Discussing assisted living with a parent can be a difficult conversation. They may fear a loss of independence or comfort, and that fear can make them defensive. As the adult child of an aging parent, you may wish to just avoid the topic altogether. As your parent gets older, however, you do need to be aware of when they may need more help with the activities of daily living.
There are a few tips to help make this conversation a bit easier.
Don’t Wait to Have the Talk
It can be difficult to know when the right moment is to broach a sensitive topic like this. This particular discussion should be a progressive one, and it’s important not to try to sell your parent on the idea of an immediate move.
First, ask questions about their plans for the future and what anxieties they have about growing older. Your goal with this discussion should be to get your parent to consider the realities of aging. The more often and openly you speak to them about their needs and desires for their future, the easier it will be for both you and your parent to make an informed decision together on what’s best for them.
It’s also helpful to start this discussion before a medical emergency occurs. Once a parent becomes injured or ill, they may need to make an urgent move into assisted living out of necessity. If done early enough, an open conversation about your parent’s everyday needs allows your family time to plan.
Another concern for your aging parent may be preparing for the move itself. You can help your parent downsize a little at a time. They can visit the community of their choice, get to know some of their potential neighbors, and even join them for a short trip or community outing. Like most big changes in life, it’s easier to acclimate when we give ourselves time to prepare. This becomes even more important as we age.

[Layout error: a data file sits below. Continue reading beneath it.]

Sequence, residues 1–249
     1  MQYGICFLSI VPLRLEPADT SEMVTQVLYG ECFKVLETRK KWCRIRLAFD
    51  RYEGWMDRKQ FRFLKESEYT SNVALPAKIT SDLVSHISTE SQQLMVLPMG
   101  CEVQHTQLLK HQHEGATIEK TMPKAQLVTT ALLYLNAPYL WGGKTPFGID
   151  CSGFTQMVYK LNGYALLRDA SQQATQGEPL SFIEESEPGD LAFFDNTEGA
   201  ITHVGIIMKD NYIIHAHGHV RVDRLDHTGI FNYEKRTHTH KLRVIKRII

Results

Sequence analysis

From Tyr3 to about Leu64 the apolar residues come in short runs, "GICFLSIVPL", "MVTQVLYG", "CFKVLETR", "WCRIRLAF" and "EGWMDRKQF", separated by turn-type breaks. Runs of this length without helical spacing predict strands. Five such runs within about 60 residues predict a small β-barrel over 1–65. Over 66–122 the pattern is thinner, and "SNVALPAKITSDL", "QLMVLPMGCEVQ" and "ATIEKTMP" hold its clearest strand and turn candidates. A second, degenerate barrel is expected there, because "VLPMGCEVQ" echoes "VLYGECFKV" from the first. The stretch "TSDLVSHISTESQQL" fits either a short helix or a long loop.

Before the Conversation, Gather Information
Once you and your parent are comfortable with the idea of talking more openly about changing their lifestyle, it will be helpful to have some information to share with them, as an inaccurate concept of assisted living may cause anxiety for an older person.
The reality of an assisted living community might look much different than your parent has imagined. With a small bit of effort, you can help replace the unknown with a more specific picture. Look around your area for assisted living communities like the Mission at Agua Fria before you engage with your parent on the specifics of their move.
Personalize the information you present them and emphasize the amenities you think your parent would enjoy. Individual apartments, events, theaters, gyms, pet-friendliness—these may be things your parent hadn’t considered before. Bringing visual aids like pictures or brochures to the conversation can be helpful in demonstrating that your parent won’t be giving up their independence. In fact, assistance with daily chores and transportation could alleviate a lot of daily stress and give them more free time to focus on their hobbies and family.
Talking about moving an aging parent into assisted living can be a frightening experience. Just remember: don’t rush the conversation, gather all the information you may need, and speak to your parent as an individual. These steps will help make the transition easier for both you and your parent.